Video: Bumper yields forecast as sugar beet harvest kicks off

The sugar beet lifting campaign kicked off more than a week early on Thursday with high hopes of bumper beet yields and a near-record national harvest.

British Sugar’s factory at Newark in Nottinghamshire was the first to open its doors on 14 September, and early-lifted crops were showing high sugar contents and promising yields following favourable recent rainfall and temperatures.

In neighbouring Lincolnshire, Nick Marshall started harvest on 14 September and his early crops had high sugar contents of 16.5% and were yielding towards an estimated 60t/ha. He is farms manager for Aubourn Farming Ltd covering just over 2,000ha of arable land.

See also: British Sugar sees bumper crop of over 1.4m tonnes of sugar

Mr Marshall grows 100ha of beet at Malborough Farm, 10 miles north-east of the Newark beet factory, on a range of soils, from the medium loams where the beet harvesting was just starting, to heathland which he expects to yield towards 80t/ha.

“Root size is pretty good and we are expecting above-average yields. We are one week early to lift this year, yet the crops look very good,” he told Farmers Weekly.

Watch the video below to see the start of beet harvesting at the farm Mr Marshall manages in Lincolnshire.

Bigger beet crop

Beet processor British Sugar is expecting a sugar crop in excess of 1.4m tonnes this year, sharply up from last season and close to the record yield of 1.45m tonnes harvested from the 2014 crop.

Nick Morris, British Sugar’s agricultural business manager at Newark, said an early sugar content of 16.5% was encouraged, when usual first lifts of beet are usually about 16-16.5%, and sugar contents are likely to rise to the end of November, when they could be more than 18%.

Nick Morris (left) with grower Nick Marshall © David Jones

Nick Morris (left) with grower Nick Marshall © David Jones

See also: Can sugar beet survive in a future without neonicotinoids?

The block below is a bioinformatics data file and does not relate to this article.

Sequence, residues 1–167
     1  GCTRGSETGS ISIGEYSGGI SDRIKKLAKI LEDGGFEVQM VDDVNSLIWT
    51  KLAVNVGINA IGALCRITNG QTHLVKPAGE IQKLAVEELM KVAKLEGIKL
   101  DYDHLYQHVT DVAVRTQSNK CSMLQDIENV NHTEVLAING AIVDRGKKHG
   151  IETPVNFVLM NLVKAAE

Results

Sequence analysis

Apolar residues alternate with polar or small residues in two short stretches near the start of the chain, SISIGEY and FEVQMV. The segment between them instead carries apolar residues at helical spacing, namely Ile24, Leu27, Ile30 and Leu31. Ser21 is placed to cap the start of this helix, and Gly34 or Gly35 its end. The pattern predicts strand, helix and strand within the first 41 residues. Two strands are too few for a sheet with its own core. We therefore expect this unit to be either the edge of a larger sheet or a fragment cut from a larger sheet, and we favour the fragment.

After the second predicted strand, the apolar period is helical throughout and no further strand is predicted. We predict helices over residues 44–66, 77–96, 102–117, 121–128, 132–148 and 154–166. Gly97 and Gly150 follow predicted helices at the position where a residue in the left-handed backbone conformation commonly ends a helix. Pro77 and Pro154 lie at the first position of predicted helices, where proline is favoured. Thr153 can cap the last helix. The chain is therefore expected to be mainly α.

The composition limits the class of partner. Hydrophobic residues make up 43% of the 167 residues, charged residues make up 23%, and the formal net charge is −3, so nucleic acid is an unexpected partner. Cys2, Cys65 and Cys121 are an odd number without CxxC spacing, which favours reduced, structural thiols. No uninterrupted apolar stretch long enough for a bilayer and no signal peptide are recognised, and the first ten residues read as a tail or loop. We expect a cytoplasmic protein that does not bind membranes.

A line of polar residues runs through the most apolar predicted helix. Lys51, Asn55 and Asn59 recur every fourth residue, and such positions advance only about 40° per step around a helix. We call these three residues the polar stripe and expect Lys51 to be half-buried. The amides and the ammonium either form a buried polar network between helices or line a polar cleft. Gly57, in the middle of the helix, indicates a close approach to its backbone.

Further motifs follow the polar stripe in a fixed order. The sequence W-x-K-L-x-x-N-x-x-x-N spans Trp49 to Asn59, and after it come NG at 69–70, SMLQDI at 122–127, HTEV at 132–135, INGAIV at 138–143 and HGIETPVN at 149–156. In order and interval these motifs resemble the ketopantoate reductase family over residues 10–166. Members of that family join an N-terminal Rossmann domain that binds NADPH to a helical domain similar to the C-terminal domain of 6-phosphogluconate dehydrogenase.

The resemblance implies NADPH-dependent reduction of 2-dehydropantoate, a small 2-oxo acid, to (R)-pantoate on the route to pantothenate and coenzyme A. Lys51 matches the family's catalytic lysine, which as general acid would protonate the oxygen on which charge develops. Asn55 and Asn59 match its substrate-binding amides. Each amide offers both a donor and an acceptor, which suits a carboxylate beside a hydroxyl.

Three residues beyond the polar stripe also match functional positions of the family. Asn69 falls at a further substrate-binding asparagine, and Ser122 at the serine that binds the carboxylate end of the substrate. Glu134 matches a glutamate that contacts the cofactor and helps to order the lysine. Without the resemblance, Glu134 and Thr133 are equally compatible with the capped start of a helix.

Mr Morris expects crops on the light heathland, south of Lincoln, could yield very well at more than 100t/ha, and above the medium-term average national yield of 75t/ha.

“We have conducted 500 test digs in August and in the first half of September, which have given an early indication of an above-average crop,” he said.

Mr Morris added that yields are set to rise as the harvesting campaign progresses, and in the exceptional year of 2016, crop yields rose by 50% from the start of the lifting to the end of the year.

Early start

With the prospect of a big beet crop, the Newark factory has opened earlier than normal, and is building up to receive 400-plus 29t beet trucks, arriving each day until March 2018.

The harvest for Britain’s 3,500 beet growers will pick up as British Sugar’s three other plants open with Bury St Edmunds in Suffolk due to start processing on 18 September, and then its two Norfolk plants at Wissington and Cantley opening on 25 September.

Sugar beet harvesting in Lincolnshire © David Jones

© David Jones

The sugar beet crop area this season is up by one-third to some 107,000ha, encouraged by higher beet prices and the ending of European Union quotas in October 2017.

The 80,000ha 2016 area yielded 900,000t of sugar. This compares with the 116,000ha grown in 2014, which gave the record 1.45m tonne crop.

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